Durango Fire Protection District is a 325-square mile district including the city of Durango and the counties of La Plata and San Juan.
The counties fund the district with property taxes. The city funds their share of operations through the general fund. This year’s reduction in the residential assessment rate (RAR) led to the district’s board of directors asking the voters for a 2.5 increase in the mill levy.
How did the district get here?Every two years statewide, all property is valued by county assessors. Then the values are communicated to the Property Tax Administrator, where the commercial and residential values are combined. This number is used by the State Board of Equalization (BOE) to recommend what the RAR will be for the next two years. In November 2016, the initial recommendation was to assess residential property at 6.56 percent. The reduction in RAR was a 18 percent decrease in local assessment values. How was that possible?
Gallagher and TABORThe district got here through the intersection of two amendments in the Colorado Constitution approved by voters. The Gallagher Amendment, enacted in 1982, limits growth in statewide RAR. The Taxpayer Bill of Rights (TABOR), enacted in 1992, limits growth in overall government spending. TABOR requires taxpayers to vote on any tax increase.
The Gallagher Amendment brought consistency to methods of valuation and a two-year re-evaluation process. It also established commercial property to be assessed at 29 percent of market value while the residential property assessment would float. Statewide total commercial property would contribute 55 percent of the property tax revenue while residential properties comprised the balance. Taxpayers loved the amendment and passed it 65 to 35 percent.
Post 1982, taxation limitation and anti-growth advocates continued to push for limited government. In 1992, Colorado voters passed TABOR. TABOR’s language specifically requires the RAR be increased only through a statewide vote.
The RAR has decreased from 21 percent of market value in 1983 to 7.96 percent of market value in 2003. More recently statewide, Colorado has experienced an incredible residential property boom. However, the residential value increase is not equally distributed across the state.
2017 was a year when the legislature adjusted the RAR for the next two years. While the BOE’s initial recommendation was to lower the rate to 6.56 percent, the final 2017-18 rate was set at 7.2 percent.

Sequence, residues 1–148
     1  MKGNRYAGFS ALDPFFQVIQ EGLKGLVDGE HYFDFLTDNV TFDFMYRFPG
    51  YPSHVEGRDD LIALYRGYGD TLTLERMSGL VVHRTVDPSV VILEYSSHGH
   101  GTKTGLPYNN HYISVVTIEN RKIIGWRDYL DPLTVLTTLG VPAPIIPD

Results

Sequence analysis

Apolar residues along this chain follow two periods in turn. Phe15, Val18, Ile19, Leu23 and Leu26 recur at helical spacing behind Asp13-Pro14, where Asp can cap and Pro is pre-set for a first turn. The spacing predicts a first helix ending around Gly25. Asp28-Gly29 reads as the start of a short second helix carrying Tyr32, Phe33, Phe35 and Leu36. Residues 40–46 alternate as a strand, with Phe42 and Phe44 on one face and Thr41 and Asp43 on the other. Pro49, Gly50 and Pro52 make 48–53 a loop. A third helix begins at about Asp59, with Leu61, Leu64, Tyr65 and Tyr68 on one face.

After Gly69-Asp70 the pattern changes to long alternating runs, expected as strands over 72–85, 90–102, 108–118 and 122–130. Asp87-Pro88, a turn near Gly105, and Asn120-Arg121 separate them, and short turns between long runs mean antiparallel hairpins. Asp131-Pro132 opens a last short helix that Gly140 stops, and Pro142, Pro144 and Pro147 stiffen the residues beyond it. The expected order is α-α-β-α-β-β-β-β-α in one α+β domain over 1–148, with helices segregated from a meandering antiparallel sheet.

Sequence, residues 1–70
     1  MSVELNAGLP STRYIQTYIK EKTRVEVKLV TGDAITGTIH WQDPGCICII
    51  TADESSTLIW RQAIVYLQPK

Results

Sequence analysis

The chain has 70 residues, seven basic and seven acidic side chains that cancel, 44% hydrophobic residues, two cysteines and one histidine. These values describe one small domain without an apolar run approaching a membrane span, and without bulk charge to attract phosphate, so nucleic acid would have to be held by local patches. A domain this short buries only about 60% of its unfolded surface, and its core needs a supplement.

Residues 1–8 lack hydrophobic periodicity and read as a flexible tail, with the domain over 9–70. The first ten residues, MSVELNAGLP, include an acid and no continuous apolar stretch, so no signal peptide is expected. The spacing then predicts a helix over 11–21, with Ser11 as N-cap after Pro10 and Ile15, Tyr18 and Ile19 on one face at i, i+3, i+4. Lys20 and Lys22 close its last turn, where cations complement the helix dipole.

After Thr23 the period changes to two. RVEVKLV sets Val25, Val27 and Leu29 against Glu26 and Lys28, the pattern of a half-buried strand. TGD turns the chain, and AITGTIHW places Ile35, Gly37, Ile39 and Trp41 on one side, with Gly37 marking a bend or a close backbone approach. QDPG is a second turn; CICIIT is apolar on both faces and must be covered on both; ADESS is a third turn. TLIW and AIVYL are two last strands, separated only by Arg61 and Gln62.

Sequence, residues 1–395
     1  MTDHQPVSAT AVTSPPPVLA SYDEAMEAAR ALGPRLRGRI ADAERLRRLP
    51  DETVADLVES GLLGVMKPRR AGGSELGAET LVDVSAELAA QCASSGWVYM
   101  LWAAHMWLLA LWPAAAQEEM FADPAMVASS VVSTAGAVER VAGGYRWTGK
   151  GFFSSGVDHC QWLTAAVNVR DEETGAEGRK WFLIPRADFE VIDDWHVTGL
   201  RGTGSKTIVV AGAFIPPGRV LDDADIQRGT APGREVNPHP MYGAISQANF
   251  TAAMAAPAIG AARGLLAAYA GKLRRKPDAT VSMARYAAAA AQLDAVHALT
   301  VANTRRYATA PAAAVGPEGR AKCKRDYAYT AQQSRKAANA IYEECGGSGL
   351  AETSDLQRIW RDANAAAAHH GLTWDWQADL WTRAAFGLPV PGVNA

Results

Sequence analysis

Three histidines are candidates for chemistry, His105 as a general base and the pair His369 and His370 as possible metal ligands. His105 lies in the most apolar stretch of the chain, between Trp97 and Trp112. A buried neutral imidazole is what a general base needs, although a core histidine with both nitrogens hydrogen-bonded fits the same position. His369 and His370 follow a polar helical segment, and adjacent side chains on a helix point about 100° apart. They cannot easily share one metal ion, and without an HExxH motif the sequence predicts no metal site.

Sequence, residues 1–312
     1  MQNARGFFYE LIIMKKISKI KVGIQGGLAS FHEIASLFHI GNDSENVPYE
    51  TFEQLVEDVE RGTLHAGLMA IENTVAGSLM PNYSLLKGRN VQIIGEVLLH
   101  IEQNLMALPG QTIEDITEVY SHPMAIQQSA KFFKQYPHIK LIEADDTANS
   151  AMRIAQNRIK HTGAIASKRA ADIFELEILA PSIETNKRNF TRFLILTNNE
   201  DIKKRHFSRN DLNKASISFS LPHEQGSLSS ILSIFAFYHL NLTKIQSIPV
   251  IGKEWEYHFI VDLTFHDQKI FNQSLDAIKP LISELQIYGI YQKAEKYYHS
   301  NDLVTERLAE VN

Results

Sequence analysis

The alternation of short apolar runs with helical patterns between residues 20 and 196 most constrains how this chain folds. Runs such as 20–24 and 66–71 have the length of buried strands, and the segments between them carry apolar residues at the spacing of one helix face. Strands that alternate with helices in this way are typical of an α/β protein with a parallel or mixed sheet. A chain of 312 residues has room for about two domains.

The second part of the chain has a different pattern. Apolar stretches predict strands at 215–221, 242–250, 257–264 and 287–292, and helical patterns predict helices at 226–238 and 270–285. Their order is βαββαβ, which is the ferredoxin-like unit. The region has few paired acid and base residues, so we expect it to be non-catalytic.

An example of RAR over timeGallagher has successfully kept residential property tax bills lower than the statewide increase in residential values. As an example depicted in Table I, assume a home purchased in 1982 had a market value of $71,000. As of June 30, 2016, the value of the property was $375,000. The property has increased in market value 528 percent while the amount subject to property taxation has increased 180 percent for 2018. The district’s mill levy is applied to the RAR.
What does the RAR reduction mean for DFPD?The 10 percent reduction in the RAR for 2017-18 was larger than anticipated by many districts. The Front Range residential growth continues and probably will lead to another RAR reduction in 2020. The district board and staff have reviewed the current budget and the communities’ desired level of service. They found a hole that could not be filled without asking for a mill levy increase.
The last few months our country has experienced three hurricanes in the Southeast and massive wildfires in the Northwest and California, with California’s wine country experiencing unprecedented damage to its communities. One of the hallmarks of a well-prepared fire district is the amount of time that goes into training for emergencies. Supporting the district’s mill levy increase request will ensure that quality training and community emergency preparedness will continue.
Pam Feely, CPA, MBA is president of West Metro Fire Protection District’s Board of Directors and past chairwoman of Colorado’s Fire and Police Pension Association. She is the author of A Candidate’s Guide to Campaign Finance in Colorado. A third-generation Coloradan, she lives in Lakewood and can be reached at firstname.lastname@example.org.